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German-friendly dessert for a dinner party

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Posted

I got invited to a dinner party this coming weekend.

"What can we bring?"

"Oh, how about a dessert?"

"OK"

 

pooh.

 

In the states I considered myself a good cook, but my confidence here has been rattled. On a several occasions I've take my home-run dessert recipes from the States and made them here, and when I take them in to work they sit in the kitchen all day and I end up taking some home. In the States these desserts wouldn't have made it to lunchtime.

 

My conclusion is that my US recipes are too sweet and/or rich for the German pallet.

 

So now the dinner party. I would like to bring something really nice, maybe a little fancy. In the US that might mean a cheesecake or something, but I'm worried here that people wouldn't be able to handle the fat/sugar.

 

In a little bit of a panic, I'm trying to figure out a way to bring three desserts to increase my odds of a winner, but three cheesecakes seems a bit much. Maybe a plate with three types of cookies? But cookies haven't always been popular at work. In perusing the forum I found a suggestion about lemon bars and I think this is a good idea. I've thought about brownies and ice cream...this is nice because if you don't like brownies at least there's ice cream. Maybe makings for banana splits? Theses last two are also nice because they have a bit of an American bent to them.

 

Some of you who've been here longer must have figured out over time what has a high rate of success. What's your go-to dinner party dessert recipe?

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Posted

I think the idea that the typical US dessert is too sweet is right; I hardly know anyone outside the US who likes stuff that sweet.

 

So, you could do a cheesecake, but use a recipe that isn't too sweet.

 

That may not be the kind of recipe you're used to or feel comfortable making at all. Then try something totally different.

 

In my experience, tiramisu is always a success. Lots of coffee powder on it and loads of alcohol balance out the sweetness.

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Posted

Brownies, chocolate chip cookies, cupcakes, and muffins are all popular right now.

 

You could also make a fruit pie, like apple pie.

 

I have made pumpkin bread and also zucchini bread, which most of the Germans I know really enjoyed, and they are so surprised to have those 2 ingredients in a sweet dessert.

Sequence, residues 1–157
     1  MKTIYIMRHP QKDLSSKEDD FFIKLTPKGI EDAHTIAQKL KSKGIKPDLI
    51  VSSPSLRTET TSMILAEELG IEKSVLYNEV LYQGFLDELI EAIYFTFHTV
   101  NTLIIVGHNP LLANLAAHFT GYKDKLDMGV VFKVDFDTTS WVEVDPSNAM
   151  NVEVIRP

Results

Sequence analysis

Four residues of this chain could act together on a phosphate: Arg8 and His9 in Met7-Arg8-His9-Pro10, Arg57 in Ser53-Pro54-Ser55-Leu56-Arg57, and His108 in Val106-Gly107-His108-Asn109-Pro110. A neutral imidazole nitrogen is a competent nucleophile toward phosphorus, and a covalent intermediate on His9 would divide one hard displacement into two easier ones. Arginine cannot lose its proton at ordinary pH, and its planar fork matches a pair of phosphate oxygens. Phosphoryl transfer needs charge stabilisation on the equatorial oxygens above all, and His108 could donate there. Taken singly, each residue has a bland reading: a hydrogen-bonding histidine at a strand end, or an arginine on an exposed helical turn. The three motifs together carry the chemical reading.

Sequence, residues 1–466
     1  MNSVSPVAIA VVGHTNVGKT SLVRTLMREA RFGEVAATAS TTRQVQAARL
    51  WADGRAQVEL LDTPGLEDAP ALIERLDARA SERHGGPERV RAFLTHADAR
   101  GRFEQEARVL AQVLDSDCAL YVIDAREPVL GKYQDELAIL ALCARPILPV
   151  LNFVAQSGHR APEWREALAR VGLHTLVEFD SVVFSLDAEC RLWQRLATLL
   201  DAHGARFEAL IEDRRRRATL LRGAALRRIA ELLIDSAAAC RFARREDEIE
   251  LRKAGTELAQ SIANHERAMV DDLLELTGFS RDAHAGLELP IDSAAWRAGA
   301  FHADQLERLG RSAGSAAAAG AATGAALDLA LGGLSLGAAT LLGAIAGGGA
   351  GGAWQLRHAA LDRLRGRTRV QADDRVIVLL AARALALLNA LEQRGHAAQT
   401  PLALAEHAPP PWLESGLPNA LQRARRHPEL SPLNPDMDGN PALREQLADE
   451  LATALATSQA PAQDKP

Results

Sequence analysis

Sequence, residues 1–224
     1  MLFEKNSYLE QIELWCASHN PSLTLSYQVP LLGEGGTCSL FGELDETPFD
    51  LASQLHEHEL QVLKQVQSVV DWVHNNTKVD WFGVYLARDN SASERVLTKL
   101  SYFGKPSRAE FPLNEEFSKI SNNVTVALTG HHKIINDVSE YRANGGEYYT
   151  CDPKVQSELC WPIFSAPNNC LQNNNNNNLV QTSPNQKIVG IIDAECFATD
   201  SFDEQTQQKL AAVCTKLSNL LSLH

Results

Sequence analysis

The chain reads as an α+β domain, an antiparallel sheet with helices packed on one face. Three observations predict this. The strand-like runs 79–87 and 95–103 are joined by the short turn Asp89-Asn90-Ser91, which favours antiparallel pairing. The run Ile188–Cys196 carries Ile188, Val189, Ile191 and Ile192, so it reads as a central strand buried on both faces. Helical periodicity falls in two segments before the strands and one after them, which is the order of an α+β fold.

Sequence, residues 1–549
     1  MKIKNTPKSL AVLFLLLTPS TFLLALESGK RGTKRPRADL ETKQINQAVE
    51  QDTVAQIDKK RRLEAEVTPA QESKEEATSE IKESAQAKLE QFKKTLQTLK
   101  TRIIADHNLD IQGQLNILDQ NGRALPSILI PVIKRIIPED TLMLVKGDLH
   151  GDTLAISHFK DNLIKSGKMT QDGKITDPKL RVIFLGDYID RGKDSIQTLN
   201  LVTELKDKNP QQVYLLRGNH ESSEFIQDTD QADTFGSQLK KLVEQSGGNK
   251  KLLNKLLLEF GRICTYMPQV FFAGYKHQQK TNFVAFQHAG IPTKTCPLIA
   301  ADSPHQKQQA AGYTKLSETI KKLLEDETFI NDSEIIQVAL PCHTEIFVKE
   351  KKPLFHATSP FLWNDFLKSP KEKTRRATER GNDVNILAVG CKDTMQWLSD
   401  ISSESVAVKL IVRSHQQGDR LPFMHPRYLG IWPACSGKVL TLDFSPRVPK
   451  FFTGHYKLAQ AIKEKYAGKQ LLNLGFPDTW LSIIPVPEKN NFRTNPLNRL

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Posted

I've had success with pineapple upside down cake, apple pie, hazelnut pound cake, lemon chiffon cake, chocolate chip cookies, chocolate chip muffins, brownies, pumpkin cheesecake, and 3 citrus cheesecake. I don't think I've had anything bomb, but then I guess I make most of those things more rich than sweet - too sweet does seem to be a problem for some Germans.

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Posted

Half or even third the amount of sugar, and make something where its obvious what it is.

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Posted

how about tiramisu? we find it a German-friendly dessert.

and it's easy to make.

 

or chocolate mousse served with fresh fruit slices?

 

easy peasy is Rote Grütze you can take along some cream to serve with it.

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Posted

I second something like Tiramisu or a mousse dessert. I've also made a sort of trifle that goes over very well - lady fingers or pound cake cut into pieces and layered with tinned mandarin orange sections or sour cherries, vanilla pudding and whipped cream.

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Posted

I recently had Bananas (or is it Banana's?) Foster with a group of friends in Austria as a dessert. We all had a nice time enjoying it. Only about one banana and one thing of vanilla ice cream. I believe there was dark rum used as the sauce. It had a nice blue flame when it was served. The person who prepared it mentioned how easy it was and it was not expensive. There might have also been some butter, but I don't recall.

 

Might be worth looking into.

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Posted

Trifle has always been a success for me in the past using fruit out of a tin including the liquid (use apricots or mangoes with less added sugar) - poured over sliced pannetone, and covered with a layer of thick custard - which I improvised using a blend of vanilla pudding and marscapone. One time I was in a real hurry I bought a cheesecake from the bakery and topped it with Rote Grütze.

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Posted

A german friendly dessert? More fucking silverware then...

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Posted